As time went by the framework became clearer, a bit like a piece of music, because each element of my process overlapped, went backwards, changed order, but it didn’t matter because what was helpful to me was my very own counselling code, I listened, we explored, understanding was brought to the surface. What to do then? Where can you go when there’s no dark cave of despair to hide in like a welcome prison?
You face the changes you need to make, you prepare to move on. I wished there was a reference book with five sections in, Listening, Exploring, Understanding, Facing change, Moving on, interchangeable fluid sections that went together sometimes, maybe flowed if I was lucky but kept me on track, kept me clear-sighted as the counsellor, not only within the bounds of each counselling session, but also on a bigger scale, like in time-limited or even open-ended counselling.
Just as you might remember the colours of the rainbow by Richard Of York Gave Battle In Vain and there you have all the seven colours, my secret process for making counselling come alive for me with clients is: Leave Eggs Under Floor Mats. It looks facetious written like this, but I’ve found it a useful mnemonic allowing for a quick recall of the five different steps when under pressure in a counselling session.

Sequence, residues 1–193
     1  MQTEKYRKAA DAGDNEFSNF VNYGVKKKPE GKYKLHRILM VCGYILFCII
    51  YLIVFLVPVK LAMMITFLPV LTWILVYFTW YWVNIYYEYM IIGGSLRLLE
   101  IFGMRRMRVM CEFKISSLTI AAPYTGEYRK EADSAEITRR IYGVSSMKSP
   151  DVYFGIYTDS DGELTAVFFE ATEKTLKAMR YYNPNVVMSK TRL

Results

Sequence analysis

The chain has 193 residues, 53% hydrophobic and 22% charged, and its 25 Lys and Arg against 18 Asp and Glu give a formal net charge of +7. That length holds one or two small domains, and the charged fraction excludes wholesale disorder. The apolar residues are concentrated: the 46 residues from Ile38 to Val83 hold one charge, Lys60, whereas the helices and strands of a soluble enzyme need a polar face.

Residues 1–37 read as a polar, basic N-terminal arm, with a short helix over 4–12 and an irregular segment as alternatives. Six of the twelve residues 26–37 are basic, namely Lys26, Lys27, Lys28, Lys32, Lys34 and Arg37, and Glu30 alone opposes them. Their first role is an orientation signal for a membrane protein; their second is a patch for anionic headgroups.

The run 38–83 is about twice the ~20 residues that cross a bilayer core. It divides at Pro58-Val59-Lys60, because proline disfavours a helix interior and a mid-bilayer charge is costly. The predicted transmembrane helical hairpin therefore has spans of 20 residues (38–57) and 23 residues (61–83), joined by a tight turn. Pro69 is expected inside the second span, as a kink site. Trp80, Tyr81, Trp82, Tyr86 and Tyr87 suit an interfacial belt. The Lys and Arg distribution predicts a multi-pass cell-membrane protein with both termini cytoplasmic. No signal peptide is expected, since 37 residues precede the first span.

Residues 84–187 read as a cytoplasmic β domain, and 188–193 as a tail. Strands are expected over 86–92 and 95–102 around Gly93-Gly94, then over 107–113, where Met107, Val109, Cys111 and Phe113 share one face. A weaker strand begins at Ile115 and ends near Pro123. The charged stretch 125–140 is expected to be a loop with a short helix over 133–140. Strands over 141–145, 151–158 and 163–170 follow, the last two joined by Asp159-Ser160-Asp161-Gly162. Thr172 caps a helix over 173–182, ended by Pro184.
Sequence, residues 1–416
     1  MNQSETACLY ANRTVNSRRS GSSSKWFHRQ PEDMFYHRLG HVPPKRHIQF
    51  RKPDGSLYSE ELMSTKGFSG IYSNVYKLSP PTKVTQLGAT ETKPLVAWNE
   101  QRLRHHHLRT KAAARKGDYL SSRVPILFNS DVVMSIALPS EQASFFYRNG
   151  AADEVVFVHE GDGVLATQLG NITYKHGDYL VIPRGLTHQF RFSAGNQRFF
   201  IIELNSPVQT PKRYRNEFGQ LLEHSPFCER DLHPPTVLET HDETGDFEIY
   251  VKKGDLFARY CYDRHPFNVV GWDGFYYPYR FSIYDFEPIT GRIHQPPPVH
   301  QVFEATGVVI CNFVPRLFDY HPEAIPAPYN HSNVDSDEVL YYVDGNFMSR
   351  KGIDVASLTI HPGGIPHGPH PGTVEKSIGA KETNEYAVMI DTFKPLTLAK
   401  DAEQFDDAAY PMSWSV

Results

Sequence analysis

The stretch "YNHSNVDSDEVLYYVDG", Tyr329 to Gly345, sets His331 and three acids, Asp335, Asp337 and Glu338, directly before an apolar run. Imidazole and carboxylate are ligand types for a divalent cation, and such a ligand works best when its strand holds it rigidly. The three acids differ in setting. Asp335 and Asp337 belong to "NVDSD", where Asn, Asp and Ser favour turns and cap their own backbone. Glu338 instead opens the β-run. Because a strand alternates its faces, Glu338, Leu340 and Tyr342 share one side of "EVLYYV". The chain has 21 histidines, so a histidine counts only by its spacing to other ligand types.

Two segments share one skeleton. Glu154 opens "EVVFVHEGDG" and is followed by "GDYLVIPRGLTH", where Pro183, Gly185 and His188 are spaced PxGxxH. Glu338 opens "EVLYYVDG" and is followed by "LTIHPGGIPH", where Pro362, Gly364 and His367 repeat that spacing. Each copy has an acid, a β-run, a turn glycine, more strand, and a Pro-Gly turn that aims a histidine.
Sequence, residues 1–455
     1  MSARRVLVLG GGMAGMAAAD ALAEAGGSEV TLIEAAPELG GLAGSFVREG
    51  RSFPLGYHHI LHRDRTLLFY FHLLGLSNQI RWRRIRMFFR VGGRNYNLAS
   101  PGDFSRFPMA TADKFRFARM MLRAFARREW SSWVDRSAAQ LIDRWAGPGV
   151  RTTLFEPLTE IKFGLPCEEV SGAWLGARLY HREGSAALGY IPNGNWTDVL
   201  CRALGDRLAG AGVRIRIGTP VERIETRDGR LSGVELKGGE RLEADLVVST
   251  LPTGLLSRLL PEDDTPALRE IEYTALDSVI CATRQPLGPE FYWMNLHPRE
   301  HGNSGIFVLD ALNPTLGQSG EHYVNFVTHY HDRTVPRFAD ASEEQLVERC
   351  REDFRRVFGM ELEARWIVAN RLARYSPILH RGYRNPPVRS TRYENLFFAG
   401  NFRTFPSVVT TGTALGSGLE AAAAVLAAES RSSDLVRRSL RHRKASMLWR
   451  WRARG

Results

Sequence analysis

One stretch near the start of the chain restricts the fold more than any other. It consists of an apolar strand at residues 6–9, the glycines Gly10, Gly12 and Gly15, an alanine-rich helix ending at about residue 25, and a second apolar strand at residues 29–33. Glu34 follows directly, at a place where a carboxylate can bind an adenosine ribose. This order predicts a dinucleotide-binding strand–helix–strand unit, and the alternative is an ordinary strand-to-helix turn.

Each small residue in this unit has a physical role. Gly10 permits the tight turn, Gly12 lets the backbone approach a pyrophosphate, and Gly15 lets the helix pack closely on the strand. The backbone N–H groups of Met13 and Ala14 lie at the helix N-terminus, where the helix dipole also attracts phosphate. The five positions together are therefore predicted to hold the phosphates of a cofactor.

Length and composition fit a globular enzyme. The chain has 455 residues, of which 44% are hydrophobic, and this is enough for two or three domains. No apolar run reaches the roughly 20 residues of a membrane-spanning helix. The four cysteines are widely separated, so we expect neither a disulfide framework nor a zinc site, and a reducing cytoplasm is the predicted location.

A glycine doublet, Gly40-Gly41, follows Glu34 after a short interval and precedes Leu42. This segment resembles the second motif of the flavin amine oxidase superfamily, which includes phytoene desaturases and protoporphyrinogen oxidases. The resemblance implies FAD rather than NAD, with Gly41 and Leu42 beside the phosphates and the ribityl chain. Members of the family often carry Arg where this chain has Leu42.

Counselling is closely bound up with story-telling, the stories coming from your clients, multi-layered, complex, with constantly shifting perspectives. Stories you can hardly believe, stories that leave you gasping, stories of lives not lived. I can see how a five-step reference guide book could help new counsellors unravel their clients’ stories. I hope my ideas will stimulate, support and sustain them. I’ve written fifty stories or case studies, all within five sections, and there is ‘Running Away’, a therapeutic journal with integrated workbook. Have a look at www.counsellingkit.com.